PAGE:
I remember long ago I had an affinity for the game Operation. For those unfamiliar, it was a game where you had to remove the vital organs from what looked like a mildly obese clown from the 1920's. In fact the commercial still get's me excited today. What captured me about this particular game was the need for complete concentration and a steady hand. I suppose I was destined for a profession where the same skills were necessary.

Many often ask where I got started. It's a difficult question. I equate it to asking a musician the exact moment they became enthralled by music. In my opinion it's mostly subconscious. When you're young, mystery and magic surrounds you because you're just starting to form rules about the world. So since I can't really say when I started exactly I will tell you about the moment that convinced me I needed to explore further. I was around six years old. My father was cleaning out an upstairs closet and I was in the same room watching him (or more likely playing Operation). He found a shoebox, dusted it off and removed a gentleman’s silk pocket square. A dusty, old, bright red pocket square. I remember it catching my eye. But that wasn't the amazing part. I remember my father rolling up his sleeves, tucking the pocket square down into his closed fist. In a matter of seconds the pocket square had disappeared.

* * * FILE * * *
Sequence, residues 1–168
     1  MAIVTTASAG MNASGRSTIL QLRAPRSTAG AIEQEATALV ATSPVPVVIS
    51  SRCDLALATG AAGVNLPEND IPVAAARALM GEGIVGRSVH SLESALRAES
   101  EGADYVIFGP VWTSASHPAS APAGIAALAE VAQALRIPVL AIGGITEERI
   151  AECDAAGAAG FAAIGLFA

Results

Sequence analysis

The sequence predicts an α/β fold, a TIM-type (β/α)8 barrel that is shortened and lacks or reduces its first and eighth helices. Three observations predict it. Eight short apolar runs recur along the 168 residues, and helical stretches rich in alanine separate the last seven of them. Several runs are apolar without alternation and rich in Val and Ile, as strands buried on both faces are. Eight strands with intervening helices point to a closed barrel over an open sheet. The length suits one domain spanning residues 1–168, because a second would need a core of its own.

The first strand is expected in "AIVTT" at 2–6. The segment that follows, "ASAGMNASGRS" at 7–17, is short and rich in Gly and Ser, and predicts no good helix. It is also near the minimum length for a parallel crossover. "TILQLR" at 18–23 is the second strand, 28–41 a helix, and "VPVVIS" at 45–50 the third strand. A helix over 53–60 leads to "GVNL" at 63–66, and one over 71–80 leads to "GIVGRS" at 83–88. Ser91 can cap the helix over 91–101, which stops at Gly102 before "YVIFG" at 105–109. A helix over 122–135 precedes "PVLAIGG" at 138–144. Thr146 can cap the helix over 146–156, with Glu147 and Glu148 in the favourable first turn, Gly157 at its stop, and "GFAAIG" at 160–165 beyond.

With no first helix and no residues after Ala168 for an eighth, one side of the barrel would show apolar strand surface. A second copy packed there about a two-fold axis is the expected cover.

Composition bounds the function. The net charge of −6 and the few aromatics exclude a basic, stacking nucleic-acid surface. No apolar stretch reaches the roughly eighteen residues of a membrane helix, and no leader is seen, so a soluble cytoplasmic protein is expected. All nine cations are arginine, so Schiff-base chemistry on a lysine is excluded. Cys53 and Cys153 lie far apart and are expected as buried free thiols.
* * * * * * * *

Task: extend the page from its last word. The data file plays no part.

That's all it took. A simple conjuror's trick convinced me that a life of legerdemain was where I belonged. This shoebox, unbeknownst to me at the time, was filled with old magic tricks, ephemera and novelties from the 1940's and had belonged to my late grandfather. I never had the chance to meet him as he died when my father was eighteen. But I'm told my grandfather had been interested in theater.  He had been in his school plays and even starred in a few. But more importantly he learned sleight of hand to entertain his comrades while stationed in India during the war. As you can imagine I was delighted to learn that conjuring was in my blood. 

Some of the original apparatus inherited from my grandfather's collection.

Some of the original apparatus inherited from my grandfather's collection.